Canada: GDP expands in October
December 23, 2010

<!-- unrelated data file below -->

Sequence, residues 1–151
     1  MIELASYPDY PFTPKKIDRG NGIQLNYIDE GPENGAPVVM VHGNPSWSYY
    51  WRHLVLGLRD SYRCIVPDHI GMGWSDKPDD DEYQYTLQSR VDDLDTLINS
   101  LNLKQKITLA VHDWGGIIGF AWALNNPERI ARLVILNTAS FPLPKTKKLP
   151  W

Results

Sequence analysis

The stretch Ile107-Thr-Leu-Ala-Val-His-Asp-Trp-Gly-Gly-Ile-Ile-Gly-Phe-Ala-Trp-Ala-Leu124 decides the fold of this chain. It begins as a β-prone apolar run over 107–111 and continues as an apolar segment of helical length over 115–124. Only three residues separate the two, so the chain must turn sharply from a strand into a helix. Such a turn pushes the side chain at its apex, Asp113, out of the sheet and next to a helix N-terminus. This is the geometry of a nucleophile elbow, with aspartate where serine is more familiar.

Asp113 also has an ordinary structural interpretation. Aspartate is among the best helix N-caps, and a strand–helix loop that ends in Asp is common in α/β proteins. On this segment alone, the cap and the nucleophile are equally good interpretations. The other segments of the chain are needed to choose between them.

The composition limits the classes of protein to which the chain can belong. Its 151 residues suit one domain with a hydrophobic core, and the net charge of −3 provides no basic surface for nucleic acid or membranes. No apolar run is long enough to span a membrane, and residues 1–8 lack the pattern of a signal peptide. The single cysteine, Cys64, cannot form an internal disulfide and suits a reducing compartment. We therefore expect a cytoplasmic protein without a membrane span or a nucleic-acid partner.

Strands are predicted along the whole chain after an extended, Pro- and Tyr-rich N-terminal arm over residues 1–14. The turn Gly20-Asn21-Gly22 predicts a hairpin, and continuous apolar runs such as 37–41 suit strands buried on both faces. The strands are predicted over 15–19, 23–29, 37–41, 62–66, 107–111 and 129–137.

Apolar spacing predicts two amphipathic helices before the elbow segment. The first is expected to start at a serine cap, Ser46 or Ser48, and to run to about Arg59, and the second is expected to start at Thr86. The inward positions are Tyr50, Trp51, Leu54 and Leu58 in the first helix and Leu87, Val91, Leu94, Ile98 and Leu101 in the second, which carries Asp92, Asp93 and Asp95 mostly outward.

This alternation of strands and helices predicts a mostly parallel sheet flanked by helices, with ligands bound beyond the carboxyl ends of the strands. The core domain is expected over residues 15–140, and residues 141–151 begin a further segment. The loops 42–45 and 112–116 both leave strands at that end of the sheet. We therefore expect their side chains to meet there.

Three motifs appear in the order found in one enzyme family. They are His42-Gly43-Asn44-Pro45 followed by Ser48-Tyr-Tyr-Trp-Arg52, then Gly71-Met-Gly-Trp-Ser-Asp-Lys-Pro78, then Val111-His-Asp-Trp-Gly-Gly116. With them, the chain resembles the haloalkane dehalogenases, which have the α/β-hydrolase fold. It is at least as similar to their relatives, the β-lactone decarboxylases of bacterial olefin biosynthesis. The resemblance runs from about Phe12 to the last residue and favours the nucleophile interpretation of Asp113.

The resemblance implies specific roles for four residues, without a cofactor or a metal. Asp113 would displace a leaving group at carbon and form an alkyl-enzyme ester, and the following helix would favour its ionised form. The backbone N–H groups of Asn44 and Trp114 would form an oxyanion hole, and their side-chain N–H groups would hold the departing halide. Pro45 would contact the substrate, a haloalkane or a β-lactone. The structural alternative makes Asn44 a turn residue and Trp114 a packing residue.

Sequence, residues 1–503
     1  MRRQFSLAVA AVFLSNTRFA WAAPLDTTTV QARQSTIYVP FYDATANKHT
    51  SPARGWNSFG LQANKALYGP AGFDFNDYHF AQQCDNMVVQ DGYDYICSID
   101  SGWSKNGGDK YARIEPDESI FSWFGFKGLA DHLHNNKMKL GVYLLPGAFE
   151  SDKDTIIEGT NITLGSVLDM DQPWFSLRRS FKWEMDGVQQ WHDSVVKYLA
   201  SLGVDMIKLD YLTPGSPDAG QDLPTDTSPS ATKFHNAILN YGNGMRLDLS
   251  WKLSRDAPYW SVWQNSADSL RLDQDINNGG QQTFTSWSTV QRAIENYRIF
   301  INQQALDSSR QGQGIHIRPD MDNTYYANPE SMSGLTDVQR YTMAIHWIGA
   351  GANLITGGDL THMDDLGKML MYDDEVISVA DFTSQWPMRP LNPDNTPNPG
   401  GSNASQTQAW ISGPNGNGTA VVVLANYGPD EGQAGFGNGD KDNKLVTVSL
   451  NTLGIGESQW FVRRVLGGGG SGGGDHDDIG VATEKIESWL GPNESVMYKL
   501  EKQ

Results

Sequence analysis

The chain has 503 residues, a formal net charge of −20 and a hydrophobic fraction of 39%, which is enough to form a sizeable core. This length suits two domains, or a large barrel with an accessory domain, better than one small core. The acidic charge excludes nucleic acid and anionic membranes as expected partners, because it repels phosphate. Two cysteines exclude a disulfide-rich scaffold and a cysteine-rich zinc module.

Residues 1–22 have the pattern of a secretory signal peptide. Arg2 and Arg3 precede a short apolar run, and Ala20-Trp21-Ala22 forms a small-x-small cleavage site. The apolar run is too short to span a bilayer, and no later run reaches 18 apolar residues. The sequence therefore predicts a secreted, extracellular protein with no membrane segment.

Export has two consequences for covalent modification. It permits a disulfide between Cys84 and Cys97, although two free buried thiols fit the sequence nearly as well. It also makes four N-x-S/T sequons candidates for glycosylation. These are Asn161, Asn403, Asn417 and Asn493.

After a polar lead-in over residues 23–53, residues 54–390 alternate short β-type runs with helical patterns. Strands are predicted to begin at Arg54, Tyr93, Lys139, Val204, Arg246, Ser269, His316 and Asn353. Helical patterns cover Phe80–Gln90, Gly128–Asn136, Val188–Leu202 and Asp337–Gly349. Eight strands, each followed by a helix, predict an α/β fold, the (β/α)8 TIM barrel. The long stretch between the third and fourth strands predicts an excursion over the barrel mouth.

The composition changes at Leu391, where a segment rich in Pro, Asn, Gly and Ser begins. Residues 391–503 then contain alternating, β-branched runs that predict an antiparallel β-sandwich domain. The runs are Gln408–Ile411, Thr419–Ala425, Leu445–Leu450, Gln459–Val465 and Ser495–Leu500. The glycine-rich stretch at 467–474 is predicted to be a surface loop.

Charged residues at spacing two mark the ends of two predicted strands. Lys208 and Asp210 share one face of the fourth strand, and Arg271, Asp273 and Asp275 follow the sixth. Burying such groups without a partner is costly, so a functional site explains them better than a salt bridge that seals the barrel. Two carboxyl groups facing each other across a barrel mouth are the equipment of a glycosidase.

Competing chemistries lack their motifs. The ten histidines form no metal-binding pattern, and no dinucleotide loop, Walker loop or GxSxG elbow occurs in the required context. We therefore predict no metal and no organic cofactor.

In October, GDP expanded 0.2% over the previous month in seasonally adjusted terms. The increase followed on a 0.1% contraction in September, but came in slightly below market expectations of a 0.3% increase. On an annual basis, GDP grew 3.3%, down from a 3.5% increase in September. As a result of the monthly acceleration, the trend continued to improve, as annual average growth stepped up from 2.1% in September to 2.6% in October. The monthly expansion was broad-based, as output increased in eleven of the 18 categories surveyed by Statistics Canada (Statcan). Mining, oil and gas extraction drove the expansion with a 2.4% increase over the previous month (September: -1.6% month-on-month). On the other hand, utilities experienced the largest decrease, contracting 1.5% over the previous month (September: +1.0% mom). Finance, insurance and real estate services, which account for more than 20% of GDP, expanded 0.2% in October. After peaking in the first quarter of 2010, economic activity has lost momentum, and the stagnant reading in October suggests that economic growth has continued to moderate in the final quarter of the year. However, recent income and payroll tax cuts in the U.S. should boost Canadian exports and provide a lift to GDP growth. The Central Bank expects quarterly GDP growth to reach 2.3% saar in the fourth quarter, which is in line with the Consensus Forecast. For the full year 2010, Canadian monetary authorities see the economy growing 2.9%. For 2011 and 2012, Central Bank projects GDP growth of 2.4% and 2.8% respectively.